The word ‘proposal’ literally means “an act of putting forward or stating something for consideration”. This relates to business proposals, marriage proposals, legal proposals, and research proposals in addition to project proposals.
In the non-profit world, a proposal is a document with which an NGO puts forward a specific project to a donor for funding consideration. Thus, a proposal is a tool for NGOs to gain funding, and for donors to decide who to fund. In other words, a project proposal explains the plan and purpose for the set of activities an NGO wishes to implement, and requests funding from a donor.
While the basic parts of a proposal is fairly standardized, every proposal is unique. Each NGO, project, and donor is different, so good project proposals take all of these factors into account. Additionally, each donor may have their own application requirements to include.
While a good proposal is often essential to securing a grant, it is only one piece of the larger application process. Even before putting pen to paper, creating a good project to write about requires a lot of background research and planning. So why do NGOs have to spend so much time and effort away from their projects to write proposals?
Why write a proposal?
A project proposal does more than just secure grants. The process of drafting a proposal helps NGOs plan a project from the idea stage to reality. It provides a way to flesh out, explain, test, prove, critique and share the project details. Additionally, donors pay great attention the contents of the proposal. Donors cannot read your mind, and very few are able to visit the project site of every applicant. So, donors have to make do with the information they receive in the proposal and learn to read between the lines.
Beyond project details, donors read proposals to answer questions such as:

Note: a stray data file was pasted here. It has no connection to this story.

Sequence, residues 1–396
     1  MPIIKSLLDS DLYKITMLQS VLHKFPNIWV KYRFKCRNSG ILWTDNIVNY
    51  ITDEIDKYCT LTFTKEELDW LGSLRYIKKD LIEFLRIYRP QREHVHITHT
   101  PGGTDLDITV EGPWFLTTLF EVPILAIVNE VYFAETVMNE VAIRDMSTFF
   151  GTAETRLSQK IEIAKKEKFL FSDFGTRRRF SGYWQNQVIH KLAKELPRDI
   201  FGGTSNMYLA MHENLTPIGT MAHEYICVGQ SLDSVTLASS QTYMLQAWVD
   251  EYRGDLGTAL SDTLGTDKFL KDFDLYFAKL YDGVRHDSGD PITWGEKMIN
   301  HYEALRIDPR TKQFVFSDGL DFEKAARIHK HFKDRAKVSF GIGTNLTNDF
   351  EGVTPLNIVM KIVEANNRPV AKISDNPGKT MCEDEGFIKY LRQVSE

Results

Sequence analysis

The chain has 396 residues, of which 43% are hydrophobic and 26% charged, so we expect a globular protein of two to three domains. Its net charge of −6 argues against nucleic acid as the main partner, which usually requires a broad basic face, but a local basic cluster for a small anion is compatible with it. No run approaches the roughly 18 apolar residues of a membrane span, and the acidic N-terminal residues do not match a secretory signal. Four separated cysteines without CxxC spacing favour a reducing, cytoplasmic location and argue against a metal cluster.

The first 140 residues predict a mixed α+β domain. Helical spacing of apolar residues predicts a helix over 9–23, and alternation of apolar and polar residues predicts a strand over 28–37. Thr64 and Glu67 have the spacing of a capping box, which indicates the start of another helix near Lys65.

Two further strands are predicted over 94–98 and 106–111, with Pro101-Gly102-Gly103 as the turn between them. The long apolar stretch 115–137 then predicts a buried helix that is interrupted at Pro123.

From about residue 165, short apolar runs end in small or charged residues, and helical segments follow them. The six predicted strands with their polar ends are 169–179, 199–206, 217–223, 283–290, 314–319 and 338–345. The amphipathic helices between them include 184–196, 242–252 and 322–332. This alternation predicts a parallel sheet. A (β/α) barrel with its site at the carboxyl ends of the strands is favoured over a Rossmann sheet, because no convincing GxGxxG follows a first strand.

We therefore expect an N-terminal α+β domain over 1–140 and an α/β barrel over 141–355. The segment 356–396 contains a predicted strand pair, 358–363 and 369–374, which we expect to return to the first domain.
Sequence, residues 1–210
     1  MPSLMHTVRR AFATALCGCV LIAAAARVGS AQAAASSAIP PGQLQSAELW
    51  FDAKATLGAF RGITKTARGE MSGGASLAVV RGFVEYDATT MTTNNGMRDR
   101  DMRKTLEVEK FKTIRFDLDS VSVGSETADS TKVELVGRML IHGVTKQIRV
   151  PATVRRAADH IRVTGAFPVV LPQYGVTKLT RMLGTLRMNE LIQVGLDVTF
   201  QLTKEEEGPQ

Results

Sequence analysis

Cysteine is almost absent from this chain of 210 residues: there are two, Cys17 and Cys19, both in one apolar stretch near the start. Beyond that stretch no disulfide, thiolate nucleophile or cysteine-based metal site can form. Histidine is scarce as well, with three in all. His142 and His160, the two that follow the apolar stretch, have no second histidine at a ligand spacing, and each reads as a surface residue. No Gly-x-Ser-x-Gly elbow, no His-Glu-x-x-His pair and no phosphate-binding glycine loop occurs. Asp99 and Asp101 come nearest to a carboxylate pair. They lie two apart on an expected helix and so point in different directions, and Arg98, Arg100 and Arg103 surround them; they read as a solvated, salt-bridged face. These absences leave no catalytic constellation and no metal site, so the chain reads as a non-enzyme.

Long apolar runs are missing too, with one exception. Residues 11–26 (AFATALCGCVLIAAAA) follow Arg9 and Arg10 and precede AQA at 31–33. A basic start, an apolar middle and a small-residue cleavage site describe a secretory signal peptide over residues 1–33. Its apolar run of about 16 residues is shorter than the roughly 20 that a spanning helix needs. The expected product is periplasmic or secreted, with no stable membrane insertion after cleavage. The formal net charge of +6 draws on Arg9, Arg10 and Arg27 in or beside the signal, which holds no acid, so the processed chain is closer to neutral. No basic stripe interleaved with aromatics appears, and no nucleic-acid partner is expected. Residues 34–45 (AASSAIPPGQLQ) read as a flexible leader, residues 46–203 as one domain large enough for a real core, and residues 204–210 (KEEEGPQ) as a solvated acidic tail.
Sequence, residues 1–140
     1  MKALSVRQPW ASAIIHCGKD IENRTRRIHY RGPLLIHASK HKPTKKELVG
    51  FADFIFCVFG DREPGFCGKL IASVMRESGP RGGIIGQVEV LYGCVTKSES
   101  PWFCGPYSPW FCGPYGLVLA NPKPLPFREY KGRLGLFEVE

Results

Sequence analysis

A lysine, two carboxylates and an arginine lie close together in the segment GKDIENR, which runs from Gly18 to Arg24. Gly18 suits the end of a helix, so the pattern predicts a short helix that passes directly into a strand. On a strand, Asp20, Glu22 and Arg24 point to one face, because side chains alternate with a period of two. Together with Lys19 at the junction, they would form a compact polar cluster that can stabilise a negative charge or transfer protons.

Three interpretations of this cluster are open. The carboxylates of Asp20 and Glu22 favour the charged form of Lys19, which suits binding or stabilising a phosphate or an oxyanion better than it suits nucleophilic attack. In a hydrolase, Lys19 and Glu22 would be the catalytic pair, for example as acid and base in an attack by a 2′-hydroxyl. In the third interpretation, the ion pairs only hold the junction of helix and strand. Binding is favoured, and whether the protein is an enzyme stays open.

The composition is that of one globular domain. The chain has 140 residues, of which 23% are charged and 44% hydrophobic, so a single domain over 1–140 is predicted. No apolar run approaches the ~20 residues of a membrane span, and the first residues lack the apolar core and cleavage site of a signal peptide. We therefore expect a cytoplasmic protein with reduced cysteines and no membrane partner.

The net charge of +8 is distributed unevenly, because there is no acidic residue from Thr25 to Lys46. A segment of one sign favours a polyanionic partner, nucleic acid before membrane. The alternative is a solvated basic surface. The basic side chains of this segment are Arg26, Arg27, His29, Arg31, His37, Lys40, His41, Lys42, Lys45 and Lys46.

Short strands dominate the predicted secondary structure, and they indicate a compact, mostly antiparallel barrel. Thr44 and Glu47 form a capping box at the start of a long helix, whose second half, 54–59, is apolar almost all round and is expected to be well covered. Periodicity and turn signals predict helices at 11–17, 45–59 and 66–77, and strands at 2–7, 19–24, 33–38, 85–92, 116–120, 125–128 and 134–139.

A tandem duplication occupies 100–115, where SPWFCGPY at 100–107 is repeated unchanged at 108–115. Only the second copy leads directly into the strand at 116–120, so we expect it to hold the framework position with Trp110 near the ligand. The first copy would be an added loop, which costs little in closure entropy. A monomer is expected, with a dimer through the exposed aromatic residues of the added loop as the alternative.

- Does the NGO have the capacity to implement the project? If an NGO does not have the capacity to write a good proposal, they may not have the capacity to run a good project.
- Can the NGO be trusted? NGOs who trust donors with honest and transparent explanations of project costs, risks, and weaknesses are more likely to be trusted in return.
- Are all partners and officers on the same page? Inconsistencies in the proposal may indicate that there is a lack of coordination within the NGO.
- Will the NGO be a good communicator? Communication is vital to relationships. Donors see spelling, grammar, tone of voice, and clarity in proposals as a reflection of future communications.
- Will the NGO make a good partner? Donors look to see if you have researched them, to understand their needs, and paid attention to application instructions.
- Will the NGO still be around in five or ten years? The NGO’s history, current resources, and long-term vision help donors determine if the NGO will be a long-term player in the development field.
A project proposal can say many things, not all of which are intentional.
Additional proposal resources
- Before Writing the Proposal
- Is it important to know and understand the donor before writing a proposal?
- Parts of a Proposal
- Common Proposal Abbreviations
- Common Terms in Proposal Writing
- How to Write a Proposal